During a presidential campaign, the temptation is always to melodrama. Having spent most of twenty years lamenting the vanishing professional ethics of the news media, I nevertheless found myself gobsmacked, as the Brits say, by Newsweek’s cover story by Harvard University historian Niall Ferguson entitled “Obama’s Gotta Go.”
Ferguson’s surely entitled to his opinions (although not his vote, as he’s a British subject, not an American citizen) but to paraphrase the late Sen. Daniel Patrick Moynihan, he’s not entitled to his own facts. Riddled with ludicrous errors and manifest deceptions, the article’s publication on the cover of a major news magazine at first struck me as ominous.
That Ferguson’s a professor made things worse. Academics theoretically hold themselves to more strenuous standards than journalists. I even found myself rummaging around in the University of Virginia honor code, where I went to school, for definitions of academic fraud.
And yes, it’s that bad. Vote for whomever you like. But if you make your choice based upon the following howler, then you’ve been had: “The president pledged that health-care reform would not add a cent to the deficit,” Ferguson charged. “But the CBO and the Joint Committee on Taxation now estimate that the insurance-coverage provisions of the ACA will have a net cost of close to $1.2 trillion over the 2012–22 period.”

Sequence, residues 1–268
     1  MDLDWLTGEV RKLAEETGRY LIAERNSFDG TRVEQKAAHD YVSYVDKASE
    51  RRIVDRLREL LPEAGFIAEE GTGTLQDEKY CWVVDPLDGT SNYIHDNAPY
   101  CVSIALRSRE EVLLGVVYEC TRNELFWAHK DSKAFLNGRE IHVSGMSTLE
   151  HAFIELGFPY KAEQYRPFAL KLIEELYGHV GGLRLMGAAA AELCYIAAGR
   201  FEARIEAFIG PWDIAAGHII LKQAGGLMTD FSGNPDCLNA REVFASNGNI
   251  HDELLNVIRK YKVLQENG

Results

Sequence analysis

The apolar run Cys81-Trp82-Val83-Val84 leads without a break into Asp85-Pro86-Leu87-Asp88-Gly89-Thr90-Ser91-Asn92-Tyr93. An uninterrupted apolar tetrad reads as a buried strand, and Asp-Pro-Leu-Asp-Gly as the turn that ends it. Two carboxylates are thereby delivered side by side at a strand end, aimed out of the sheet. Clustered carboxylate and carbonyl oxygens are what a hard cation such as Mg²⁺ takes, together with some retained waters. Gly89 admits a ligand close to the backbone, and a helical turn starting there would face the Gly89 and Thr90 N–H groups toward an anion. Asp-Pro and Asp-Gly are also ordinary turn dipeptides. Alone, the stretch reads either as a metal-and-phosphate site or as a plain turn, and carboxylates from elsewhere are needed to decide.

In fact, as New York Times columnist and Princeton economist Paul Krugman pointed out, the Congressional Budget Office concluded that Obamacare will actually reduce the yearly budget deficit by an estimated $210 billion over the decade. There’s a chart documenting that non-obscure fact on page two of the CBO report.
Krugman demanded a correction by Newsweek.
Instead, editor Tina Brown’s latest plaything allowed Ferguson to double-down. Rather than apologize, he posted an online rejoinder calling Krugman’s objection “truly feeble,” and boasting that he’d “very deliberately” written “‘the insurance coverage provisions of the ACA,’ not ‘the ACA.’”
In short, Ferguson very deliberately misled his readers to the tune of $1.4 trillion–considering only the debit half of Obamacare’s balance sheet, but not its revenues and savings. Then he falsely cited the CBO to cover his tracks.
Even his alibi quoted the CBO report out of context. Internet sleuths quickly caught him out. A flabbergasted John Cassidy summarized in the New Yorker: “[O]ne more time: The Oxford-trained, Harvard-employed, Newsweek contributor Niall Ferguson just edited the CBO report to change its meaning.”
To repeat, it’s perfectly legitimate to doubt the CBO’s conclusions or to argue that Obamacare will prove a budget buster. What’s not OK is falsifying quotes and misrepresenting data.